When it comes to the farce of thwarted adultery, no one does it — or should that be “nearly does it”? — better than the French. Georges Feydeau, the prolific author who perfected theater’s kookiest comic genre, was known for his amorous adventures, but his best-loved characters tend to fall short of their adulterous goals, much to everyone’s amusement, in and out of the play. This weekend, the Theatre Group at Santa Barbara City College will present Feydeau’s best known work, the 1907 classic A Flea in Her Ear, in a recent translation by the brilliant American playwright David Ives.
Judging by the work Ives has done on some earlier French comedies, in particular The Liar by Pierre Corneille, this ought to be a perfect match. Ives has a shrewd command of idiom and timing that makes him an ideal interpreter of these witty, fast-paced evenings full of misidentification and absurd behavior. R. Michael Gros, who is directing this production, calls the play “a fractured fairy tale with plenty of innuendo” but goes on to specify that, in the true sex farce tradition, “everything almost happens, but then nothing really does.” The cast is led by Sean Jackson in a dual role, and the spectacular set — always a key element in these action-packed comedies — is by Patricia Frank. Pamela Shaw has whipped up some glamorous French fashions, including not one but two French maid outfits. Expect naughtiness sans vulgarity and expert stagecraft in the service of situations that rapidly become completely absurd. If the nonsense of contemporary reality has gotten you down, then A Flea in Her Ear ought to be just the thing to wipe away those alternative-fact blues and put a silly smile of pure pleasure on your face.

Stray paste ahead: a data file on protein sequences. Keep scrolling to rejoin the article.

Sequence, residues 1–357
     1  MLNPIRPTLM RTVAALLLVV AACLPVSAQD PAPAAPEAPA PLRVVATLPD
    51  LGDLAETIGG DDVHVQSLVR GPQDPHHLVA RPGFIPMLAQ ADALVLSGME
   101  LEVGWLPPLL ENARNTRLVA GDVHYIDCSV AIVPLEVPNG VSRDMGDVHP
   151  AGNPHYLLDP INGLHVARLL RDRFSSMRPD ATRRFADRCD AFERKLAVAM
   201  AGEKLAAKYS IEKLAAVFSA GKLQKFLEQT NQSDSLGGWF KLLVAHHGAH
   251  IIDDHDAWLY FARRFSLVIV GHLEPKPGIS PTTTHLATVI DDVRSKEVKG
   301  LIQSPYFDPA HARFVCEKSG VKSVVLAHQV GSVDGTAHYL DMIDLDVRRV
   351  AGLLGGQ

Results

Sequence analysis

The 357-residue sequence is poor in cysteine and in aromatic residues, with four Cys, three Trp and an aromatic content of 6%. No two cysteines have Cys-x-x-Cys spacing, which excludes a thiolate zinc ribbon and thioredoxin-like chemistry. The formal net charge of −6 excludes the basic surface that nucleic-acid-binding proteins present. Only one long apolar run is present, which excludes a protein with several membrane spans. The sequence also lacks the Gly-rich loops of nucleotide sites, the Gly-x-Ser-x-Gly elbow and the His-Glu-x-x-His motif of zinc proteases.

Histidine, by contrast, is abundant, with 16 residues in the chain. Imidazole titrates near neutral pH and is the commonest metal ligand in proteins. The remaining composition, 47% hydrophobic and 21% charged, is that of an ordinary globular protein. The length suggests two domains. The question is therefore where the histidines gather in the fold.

4·1·1 A Flea in Her Ear plays at SBCC’s Garvin Theatre through March 18, with a preview tonight, March 2, at 7:30 p.m. For tickets and information, call (805) 965-5935 or visit theatregroupsbcc.com.